Today was our second day in Olympic National Park. We had a grueling 23 mile day--with all miles either going up or down--but ultimately were awarded with a campsite near natural hot springs.
Today's walk alternated between rarely used trails where we encountered no one and high density trails that felt like we were in a parade. For one of the high density trails, we walked along a road for a few miles which ended at the trail head. The trail head parking lot was full of cars, an overflow lot was even required for a Monday. The trail itself was steep but wide and paved. We had yet to see a trail so wide and clear. Due to its condition, we probably encountered thirty people on the short paved section--after a mile, the pavement ended and we saw no one. I wasn't surprised by the number of people due to the trail's accessibility, level of difficulty, and beauty. It was one of the most beautiful stretches of trail that we'd encountered yet.
Due to the high volume of people, both David and Rachel were critical of the trail. At one time I would have agreed with them, but now I support this type of trail. For the past seven weeks we have walked strenuous trails, seeing practically no one. We have traversed 100s of miles that seemed to be maintained solely for us. Now we are in a national park, crowded with people trying to easily see some of our country's natural treasures. As a national park, these treasures should be accessible. If someone gets frustrated by the crowds and ease of use, he could hike any of the other 1,000 miles we have hiked on this trip. Who cares if there are some places that people can invest just an afternoon and be able to experience something breathtaking?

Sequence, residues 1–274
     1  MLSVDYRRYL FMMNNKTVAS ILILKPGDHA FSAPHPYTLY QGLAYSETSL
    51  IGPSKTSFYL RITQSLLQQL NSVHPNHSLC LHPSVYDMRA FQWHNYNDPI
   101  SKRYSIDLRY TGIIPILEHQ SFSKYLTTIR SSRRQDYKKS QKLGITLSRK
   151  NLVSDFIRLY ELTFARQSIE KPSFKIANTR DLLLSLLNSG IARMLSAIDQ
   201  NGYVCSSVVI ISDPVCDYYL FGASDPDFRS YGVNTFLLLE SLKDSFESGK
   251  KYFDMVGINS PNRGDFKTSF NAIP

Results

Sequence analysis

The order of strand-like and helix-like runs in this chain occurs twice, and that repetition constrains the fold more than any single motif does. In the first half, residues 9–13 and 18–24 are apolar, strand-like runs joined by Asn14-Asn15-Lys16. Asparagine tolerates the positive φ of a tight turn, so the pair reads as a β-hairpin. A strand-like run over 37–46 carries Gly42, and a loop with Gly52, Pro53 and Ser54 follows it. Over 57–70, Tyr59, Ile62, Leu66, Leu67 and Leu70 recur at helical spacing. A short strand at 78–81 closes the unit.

Over the course of our trip, we have become accustomed with our style of travel--hiking everywhere. This mode has become so natural that we occasionally find ourselves being critical of any non-ambulatory mode of transit. It is easy to get immersed in our world, but I'm going to be realistic: If everyone lived like we are, we'd be in the middle ages.
Mount Angeles or some mountain adjacent to it.
Trails are very easy to follow in this National Park...a big relief from all our bushwhacking.
Another clear trail with some nice wildflowers.
Photo taken with camera resting on a log.
Enjoying a view.